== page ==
4. The poetics of poetry itself shares many of the romantics suppositions of the poetics of cultural exceptionalism.
The cluster of concerns that to which we give the label poetics, as exemplified by collections of short essays written by poets like The Poetics of the New American Poetry, is fundamentally romantic in its ideology. The assumption that every poet should have his or her own individual poetics, distinct from that of any other creator, is quite foreign to the neo-classical understanding of “poetics” as a set of rules, recommendations, or general principles guiding all imaginative literature. Several poets might, in fact, share comparable versions of romantic poetics, but these will acquire an idiosyncratic shape and linguistic expression in each individual case, or be expressed in a unique set of terms, seemingly sui generis and locked into its particular vocabulary.
As a consequence, the poetics of an individual poet might also take the form of a theory of cultural identity applicable, in theory, to an entire people, nation, or region of the world. Lezama Lima’s sistema poético del mudno, for example, is undoubtedly his own personal “Lezamian” poetics, but also as a theory of cubanidad (Cubanness), of the Carribean region, or of Latin American identity. Insofar as it situates Cuba (and Latin America) in relation to other world cultures (European, Egyptian, etc...) it is also potentially universalist in scope. A similar set of concentric circles are also evident in Lorca’s theory of the duende.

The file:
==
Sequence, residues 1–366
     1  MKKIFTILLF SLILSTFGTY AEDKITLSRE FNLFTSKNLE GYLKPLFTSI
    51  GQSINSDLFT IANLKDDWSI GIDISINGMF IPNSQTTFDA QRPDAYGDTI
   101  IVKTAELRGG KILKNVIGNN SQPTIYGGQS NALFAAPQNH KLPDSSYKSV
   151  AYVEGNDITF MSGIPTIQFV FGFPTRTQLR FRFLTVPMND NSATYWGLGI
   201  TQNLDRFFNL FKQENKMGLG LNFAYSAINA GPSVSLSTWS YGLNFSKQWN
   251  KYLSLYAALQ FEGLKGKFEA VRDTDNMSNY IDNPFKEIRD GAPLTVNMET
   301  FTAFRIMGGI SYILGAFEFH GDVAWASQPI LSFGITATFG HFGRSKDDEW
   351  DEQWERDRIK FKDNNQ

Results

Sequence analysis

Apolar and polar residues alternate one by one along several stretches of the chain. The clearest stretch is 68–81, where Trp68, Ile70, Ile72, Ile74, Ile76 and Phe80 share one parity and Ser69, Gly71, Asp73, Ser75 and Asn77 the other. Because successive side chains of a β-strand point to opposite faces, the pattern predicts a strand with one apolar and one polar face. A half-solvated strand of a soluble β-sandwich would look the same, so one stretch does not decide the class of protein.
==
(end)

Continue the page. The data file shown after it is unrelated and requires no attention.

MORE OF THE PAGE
The assumption that every poet should have his or her own individual poetics
This triggers my countersuggestibility. I'm sure there are those who assume this - it's widespread in the visual art world, where a "statement" is an expected part of a portfolio - but the argument would be strengthened by examples.
I'm going to take care of those in the footnotes. The inclusion of a "poética" is standard in Spanish anthologies.
"those" means "examples."
Very, very interesting.
isn't one characteristic of the langpo people that they're engaged in extensive (theoretical) discussion amongst themselves about poetics? that, together with a common orientation toward thinking of poetry or poetics as liberatory or socially or politically radical in some way, seems to suggest some degree of belief in a non-fixed but non-individual (not just individual) poetics.
I guess collective movements like langpo or surrealism will have collective poetics. I don't know if that falsifies my assertion.
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